So, we have this server. Actually we have lots and lots of them. But I don't care about them right now. I care about this one.
This one is a Linux box. And this Linux box has mirrored raid array.
So one day, one of our techs walks by the server rack and notices a little yellow light. Like a dedicated employee he reports it. Which is good because that little yellow light means something important. It means one of the drives has gone bad and has been removed from the array.
YAY for technology seeing a fault and isolating it!
So, we call up the support company and say "Hey you. Yellow light bad, RMA me a new drive so we can replace it."
You'd think they'd ship one out. But you'd be wrong. What they told us is that we needed to run a diagnostic program on the system to verify that the little yellow light was accurate. We rolled our eyes, but we tried to do as they said.
Of course, they sent us the instructions for a different model of server, so the first attempt to do this failed. But eventually we got it done and sent the logs off thinking that now they would give us a new drive
No. Of course not. I should have known. They told us that the next step for diagnosing the problem would be to rebuild the drive array from scratch and re-image the server.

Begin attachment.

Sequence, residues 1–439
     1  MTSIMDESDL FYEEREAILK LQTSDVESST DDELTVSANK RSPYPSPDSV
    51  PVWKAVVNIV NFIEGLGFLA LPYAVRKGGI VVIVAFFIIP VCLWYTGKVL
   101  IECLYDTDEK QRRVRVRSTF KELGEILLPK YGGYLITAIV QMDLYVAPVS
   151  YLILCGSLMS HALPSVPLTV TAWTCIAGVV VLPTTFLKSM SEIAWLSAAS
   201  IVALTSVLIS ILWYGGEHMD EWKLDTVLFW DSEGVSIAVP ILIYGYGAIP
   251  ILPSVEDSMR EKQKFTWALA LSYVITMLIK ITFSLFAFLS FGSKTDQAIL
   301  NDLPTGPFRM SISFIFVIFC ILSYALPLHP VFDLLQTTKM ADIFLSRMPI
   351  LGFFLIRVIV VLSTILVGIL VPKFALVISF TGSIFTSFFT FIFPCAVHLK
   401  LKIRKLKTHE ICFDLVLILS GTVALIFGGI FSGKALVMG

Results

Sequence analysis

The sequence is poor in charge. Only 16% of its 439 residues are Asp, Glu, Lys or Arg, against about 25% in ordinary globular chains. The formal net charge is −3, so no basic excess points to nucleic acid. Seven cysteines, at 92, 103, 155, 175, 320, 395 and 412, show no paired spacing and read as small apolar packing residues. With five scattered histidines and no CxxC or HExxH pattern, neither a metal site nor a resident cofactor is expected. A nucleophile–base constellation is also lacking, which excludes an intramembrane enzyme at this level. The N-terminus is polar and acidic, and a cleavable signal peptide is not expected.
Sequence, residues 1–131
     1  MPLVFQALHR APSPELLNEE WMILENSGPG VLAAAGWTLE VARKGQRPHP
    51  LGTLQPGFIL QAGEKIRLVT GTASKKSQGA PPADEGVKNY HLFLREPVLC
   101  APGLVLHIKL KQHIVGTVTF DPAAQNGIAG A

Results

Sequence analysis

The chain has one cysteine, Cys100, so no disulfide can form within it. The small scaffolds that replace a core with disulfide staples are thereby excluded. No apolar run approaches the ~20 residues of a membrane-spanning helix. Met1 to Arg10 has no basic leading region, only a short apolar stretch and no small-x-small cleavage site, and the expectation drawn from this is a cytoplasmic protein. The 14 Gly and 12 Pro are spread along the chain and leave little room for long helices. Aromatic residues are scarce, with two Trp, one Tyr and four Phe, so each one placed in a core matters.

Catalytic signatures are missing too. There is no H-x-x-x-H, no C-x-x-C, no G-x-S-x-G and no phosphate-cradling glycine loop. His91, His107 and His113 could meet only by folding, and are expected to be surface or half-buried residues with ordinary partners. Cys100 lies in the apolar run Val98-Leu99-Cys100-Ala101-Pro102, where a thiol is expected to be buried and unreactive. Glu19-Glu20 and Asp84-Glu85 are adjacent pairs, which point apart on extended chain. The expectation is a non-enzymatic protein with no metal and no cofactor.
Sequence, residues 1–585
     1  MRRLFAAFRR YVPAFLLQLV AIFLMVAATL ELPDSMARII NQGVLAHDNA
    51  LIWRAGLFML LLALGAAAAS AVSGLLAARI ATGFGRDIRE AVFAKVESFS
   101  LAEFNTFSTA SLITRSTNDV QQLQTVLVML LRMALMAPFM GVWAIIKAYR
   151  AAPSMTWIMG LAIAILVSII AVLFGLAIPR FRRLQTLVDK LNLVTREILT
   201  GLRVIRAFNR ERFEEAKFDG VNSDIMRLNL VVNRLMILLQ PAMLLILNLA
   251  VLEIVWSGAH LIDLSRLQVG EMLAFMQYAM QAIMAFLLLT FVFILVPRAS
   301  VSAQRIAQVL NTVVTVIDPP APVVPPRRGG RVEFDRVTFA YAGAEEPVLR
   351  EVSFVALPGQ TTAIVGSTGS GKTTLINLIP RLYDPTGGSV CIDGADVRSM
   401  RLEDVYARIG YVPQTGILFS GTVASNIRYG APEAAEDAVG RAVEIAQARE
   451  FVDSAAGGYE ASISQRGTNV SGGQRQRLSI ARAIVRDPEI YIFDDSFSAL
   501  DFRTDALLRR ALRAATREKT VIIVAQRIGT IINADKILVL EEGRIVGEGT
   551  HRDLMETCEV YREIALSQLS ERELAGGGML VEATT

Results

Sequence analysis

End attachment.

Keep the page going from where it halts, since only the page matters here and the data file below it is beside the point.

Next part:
No no, you read that right. In order to test to see if my raid drive is broke, I have to blow away the server. I ask you... what is the point of having raid if I have to blow away the server in order to test a raid failure? At that point, raid has ceased to be useful. I mean, I suppose it kept the server up until we could schedule an outage, but the failure still caused an outage.
So, we roll our eyes some more and schedule some downtime to rebuild the server.
First step, reboot and log into the BIOS to reset it to factory defaults. And that's where we get the problem. The server no longer understands the bad drive. The raid controller craps out and says that it has an unrecoverable drive error. Server won't boot. Remove the drive with the little yellow light and the server boots up fine.
So, we call up the support company. They're going to ship out a replacement drive.
It took us 10-15 man hours, 2 separate change approvals which involve dozens of groups signing off on our tests and a rather large conference call. This takes about 3 weeks to get everything set up. All to tell us exactly what the little yellow light told us in the first damn place.